Light Steps : Robert Breer
Visitors would enter the Pavilion though a large circular entrance tunnel and walk down a staircase to the lower level. Upon leaving the tunnel, the visitor would receive handsets and cross a sloped Lightfoot floor section, leading to the Clam Room.
The Light Step floor was planned to have a soft, mysterious surface and would light up under the feet of visitors as they walked across it. Robert Breer, who saw the floor much like one of his animated films, with visitors creating footsteps across the entrance space, worked with engineer Thomas Fabry, and they developed the idea of a floor surface made up of relatively flat plastic squares, ’packages’ filled with opaque black ink and foam laid on top of a rigid lighted floor. As the visitors stepped on the dark soft layer, the weight of their feet would squeeze the dark liquid foam and ink inside the plastic ’package’ toward the edges, allowing light from below to shine through, light that would then disappear quickly as the visitors took another step forward. Thus, the visitors created brilliant light footsteps appearing out of the blackness as they passed through the space.
Breer worked on the floor in the weeks before the opening of the Pavilion, laying out the squares of dark ink and foam, but some technical problems were not solved, and the Light Step floor was never fully installed nor operational.
Suntrak : Forrest Myers
Engineer : Niels O. Young
Model of Suntrak
Frosty Myers proposed a sculpture on the plaza of the Pavilion that would interact with Nakaya’s Fog sculpture by following the sun and sending a beam of light from the sun to a fixed spot on the Pavilion Dome, cutting through the fog surrounding the building. He collaborated with scientist Niels O. Young to research the mechanism for tracking the sun and creating the large beam of light, then to design and build the Suntrak.
They developed a 30' sculpture for the Pavilion plaza that would make a 10' sunbeam and throw it through the fog to a fixed place on the Pavilion. A 5' x 8' elliptical mirror would rotate once a day to follow the sun and would form a circular sunbeam; the mirror constantly reflecting the sunbeam to a large, stationary 10' triangular mirror.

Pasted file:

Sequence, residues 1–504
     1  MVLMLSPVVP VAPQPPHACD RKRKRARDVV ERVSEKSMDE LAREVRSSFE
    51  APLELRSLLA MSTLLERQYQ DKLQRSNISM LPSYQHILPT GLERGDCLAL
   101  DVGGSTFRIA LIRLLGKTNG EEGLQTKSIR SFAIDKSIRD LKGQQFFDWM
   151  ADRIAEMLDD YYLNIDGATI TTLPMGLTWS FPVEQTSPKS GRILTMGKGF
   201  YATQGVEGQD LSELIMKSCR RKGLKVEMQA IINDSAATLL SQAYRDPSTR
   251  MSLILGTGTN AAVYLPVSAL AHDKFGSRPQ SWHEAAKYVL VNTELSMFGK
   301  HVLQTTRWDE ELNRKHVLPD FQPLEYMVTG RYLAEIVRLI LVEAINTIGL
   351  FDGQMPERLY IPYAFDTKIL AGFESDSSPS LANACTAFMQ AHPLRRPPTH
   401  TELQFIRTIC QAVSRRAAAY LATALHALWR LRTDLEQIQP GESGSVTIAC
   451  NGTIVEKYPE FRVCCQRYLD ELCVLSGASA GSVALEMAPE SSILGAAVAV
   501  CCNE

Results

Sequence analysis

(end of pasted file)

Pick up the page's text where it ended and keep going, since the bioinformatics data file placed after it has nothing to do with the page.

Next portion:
During the installation of Suntrak, the heavy steel armature that held the two mirrors buckled under the combined weight of the mirrors. There had been a mistake in reading the specifications for the armature. The sculpture was dismantled; and plans to rebuild and reinstall it were never realized.
Pepsi-Cola Sign Proposal : Robert Whitman
About June 1969, Robert Whitman assumed charge of a Pepsi-Cola sign to be placed on the side of the main road leading to the fair's amusement area. In July 1969, he consulted with RCA Research Laboratories on using liquid crystals to display one letter of "Pepsi" at a time and instantly switch it to the next. After this, Whitman and John Forkner, who had been working together through the "Art and Technology" program of the Los Angeles County Museum of Art, proposed using concave mirrors to create a three-dimensional real image of the company’s trademark.
The project was estimated to cost about $30,000, and perhaps it would not be completed until a month after Expo's opening. After Whitman suggested a man continuously painting "Pepsi-Cola" on a large cylinder with another man continuously washing it off, which did not please Pepsi, Pepsi independently took on the design and development of the sign, in which large letters spelling Pepsi were constructed with holders for liquid crystal material flling the front of the letters, that changed subtly as the ambient temperature changed.